On first encountering A Page of Madness, with its insane asylum setting, many viewers might think of The Cabinet of Dr. Caligari (1920), but the film bears little stylistic or narrative influence from that Expressionist classic and has closer links to the Impressionist school represented by such directors as Abel Gance and Marcel L'Herbier, whose works were released and much discussed in Japan. Kinugasa himself, in a 1926 magazine poll, cited F. W. Murnau's The Last Laugh (1924) as the best "artistic film" of the year, saying he had seen it five times, and it is likely that the Japanese director was influenced by the German film, notably in the unusual decision to eschew intertitles.

Though the absence of intertitles seems to leave great scope to the free interpretation of the viewer as to what exactly is going on during A Page of Madness, it's important to remember that the film was originally shown (and the filmmakers knew it would be shown) accompanied by narration by benshi - professional, often individually highly popular performers who were an inevitable feature of Japanese film exhibition in the silent era. Benshi could fill in gaps in a story, give background information, or elaborate on the thoughts and feelings of characters. Undoubtedly benshi narration helped make A Page of Madness more accessible to its original Japanese viewers, on a story level, than it appears to viewers today. The loss of about a quarter of the original length of the film may have also heightened the avant-garde aspect of the film. Released at about 7,000 feet, or 103 minutes when projected at 18 frames per second, the film exists only in a print running 5,286 feet, or 78 minutes at the same projection speed. Both Gerow and another scholar, Mariann Lewinsky, who has also written a book on the film (Eine verrückte Seite: Stummfilm und filmische Avantgarde in Japan), suspect that Kinugasa shortened the film himself.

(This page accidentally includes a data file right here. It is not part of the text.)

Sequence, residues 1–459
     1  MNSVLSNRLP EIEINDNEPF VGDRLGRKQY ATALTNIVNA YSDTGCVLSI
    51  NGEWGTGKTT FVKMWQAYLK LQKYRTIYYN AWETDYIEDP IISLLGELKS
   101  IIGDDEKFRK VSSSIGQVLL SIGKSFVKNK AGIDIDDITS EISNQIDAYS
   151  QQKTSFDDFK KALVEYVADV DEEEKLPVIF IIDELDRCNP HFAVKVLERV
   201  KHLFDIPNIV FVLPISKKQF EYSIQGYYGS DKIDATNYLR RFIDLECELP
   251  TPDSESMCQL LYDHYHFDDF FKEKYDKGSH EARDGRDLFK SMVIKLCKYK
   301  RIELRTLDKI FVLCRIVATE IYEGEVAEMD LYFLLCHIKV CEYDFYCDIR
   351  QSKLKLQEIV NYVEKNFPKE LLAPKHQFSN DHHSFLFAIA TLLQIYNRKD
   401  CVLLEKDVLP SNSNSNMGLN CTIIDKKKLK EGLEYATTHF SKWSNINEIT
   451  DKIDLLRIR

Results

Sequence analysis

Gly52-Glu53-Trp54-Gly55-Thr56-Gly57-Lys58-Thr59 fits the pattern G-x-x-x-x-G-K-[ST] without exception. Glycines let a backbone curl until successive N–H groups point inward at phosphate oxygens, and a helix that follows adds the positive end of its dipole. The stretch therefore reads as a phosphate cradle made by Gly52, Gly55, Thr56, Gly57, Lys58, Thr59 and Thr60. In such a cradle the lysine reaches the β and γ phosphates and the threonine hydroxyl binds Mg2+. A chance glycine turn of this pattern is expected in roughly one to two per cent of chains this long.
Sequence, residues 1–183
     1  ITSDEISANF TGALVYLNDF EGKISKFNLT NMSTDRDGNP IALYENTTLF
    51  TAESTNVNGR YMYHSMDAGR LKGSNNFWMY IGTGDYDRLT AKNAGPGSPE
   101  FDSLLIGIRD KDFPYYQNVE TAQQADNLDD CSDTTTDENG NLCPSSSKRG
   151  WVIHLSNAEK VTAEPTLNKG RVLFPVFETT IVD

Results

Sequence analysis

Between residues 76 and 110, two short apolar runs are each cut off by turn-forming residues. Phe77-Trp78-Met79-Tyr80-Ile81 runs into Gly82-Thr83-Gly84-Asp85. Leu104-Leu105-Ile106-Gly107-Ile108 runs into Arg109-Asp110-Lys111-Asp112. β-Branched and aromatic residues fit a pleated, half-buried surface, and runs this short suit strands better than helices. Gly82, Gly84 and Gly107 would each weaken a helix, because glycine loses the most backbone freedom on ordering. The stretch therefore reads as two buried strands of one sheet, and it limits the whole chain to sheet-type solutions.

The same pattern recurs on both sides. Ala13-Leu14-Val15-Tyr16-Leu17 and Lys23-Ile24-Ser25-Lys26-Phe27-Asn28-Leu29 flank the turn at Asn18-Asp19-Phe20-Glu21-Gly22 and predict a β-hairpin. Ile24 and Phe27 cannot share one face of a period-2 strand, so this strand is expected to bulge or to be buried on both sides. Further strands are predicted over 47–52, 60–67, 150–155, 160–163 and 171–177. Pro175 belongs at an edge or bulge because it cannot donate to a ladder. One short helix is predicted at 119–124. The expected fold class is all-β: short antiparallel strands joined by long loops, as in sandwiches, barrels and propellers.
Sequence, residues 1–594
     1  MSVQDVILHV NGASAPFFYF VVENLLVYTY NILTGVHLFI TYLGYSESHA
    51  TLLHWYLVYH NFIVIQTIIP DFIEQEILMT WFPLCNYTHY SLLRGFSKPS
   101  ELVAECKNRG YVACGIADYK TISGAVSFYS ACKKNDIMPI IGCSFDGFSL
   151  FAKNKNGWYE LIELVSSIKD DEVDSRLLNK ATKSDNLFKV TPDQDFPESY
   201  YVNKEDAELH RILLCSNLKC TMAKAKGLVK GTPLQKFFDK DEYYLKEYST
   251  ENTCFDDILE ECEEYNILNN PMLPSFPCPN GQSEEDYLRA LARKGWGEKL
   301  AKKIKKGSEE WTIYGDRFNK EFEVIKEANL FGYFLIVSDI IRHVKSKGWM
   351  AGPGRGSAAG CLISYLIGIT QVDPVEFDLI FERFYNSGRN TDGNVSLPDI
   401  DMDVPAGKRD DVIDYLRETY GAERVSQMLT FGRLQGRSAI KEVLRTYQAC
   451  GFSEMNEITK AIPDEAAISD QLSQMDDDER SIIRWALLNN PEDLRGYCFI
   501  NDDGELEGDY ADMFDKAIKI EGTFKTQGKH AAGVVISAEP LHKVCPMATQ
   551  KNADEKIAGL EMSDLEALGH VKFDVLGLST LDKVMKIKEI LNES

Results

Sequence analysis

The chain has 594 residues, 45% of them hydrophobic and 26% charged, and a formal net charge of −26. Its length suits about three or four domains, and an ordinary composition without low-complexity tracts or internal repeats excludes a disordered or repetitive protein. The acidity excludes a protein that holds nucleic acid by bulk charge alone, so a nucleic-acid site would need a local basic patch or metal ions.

Using superimpositions, rapid and insistent visual patterns, fantasy sequences, and the visual flamboyance of actors impersonating mad people, A Page of Madness builds an atmosphere of astonishing intensity. The film plays on a continual discordance between subjective and objective reality, although the various layers of the narrative can eventually be discerned by the patient viewer. As Gerow points out, the architecture of the insane asylum and the construction of the narrative both impose a "logic of separation." Though the main characters violate this logic in their attempts to reach one another, their repeated crossings of borders "are significant only to the degree that the borders retain some effectiveness," in Gerow's words. Neither "pro"- nor "anti"-madness, clearly not traditional but also not purely modern, A Page of Madness stands as a rich and ambiguous film and one that demands to be read as a forceful but ambivalent commentary on the potentials of cinema itself.

Director: Teinosuke Kinugasa
Screenplay: Yasunari Kawabata, Minoru Inuzuka, Banko Sawada, Teinosuke Kinugasa, based on an original story by Kawabata
Cinematography: Kohei Sugiyama
Film Editing: Umeko Numazaki
Art Direction: Kasaku Hayashi, Chiyo Ozaki
Cast: Masuo Inoue (The custodian), Yoshie Nakagawa (His wife), Ayako Iijima (Their daughter), Hiroshi Nemoto (Her fiancé), Misao Seki (Chief doctor).
BW-78m (at 18 frames per second).

by Chris Fujiwara

Sources:
Aaron Gerow, A Page of Madness: Cinema and Modernity in 1920s Japan. Ann Arbor: Center for Japanese Studies, The University of Michigan, 2008.
Yasunari Kawabata, "Page of Madness." In Modanizumu: Modernist Fiction from Japan, 1913-1938, edited by William Jefferson Tyler. Honolulu: University of Hawaii Press, 2008.
Jasper Sharp, "A Page of Madness", at Midnight Eye. VIEW TCMDb ENTRY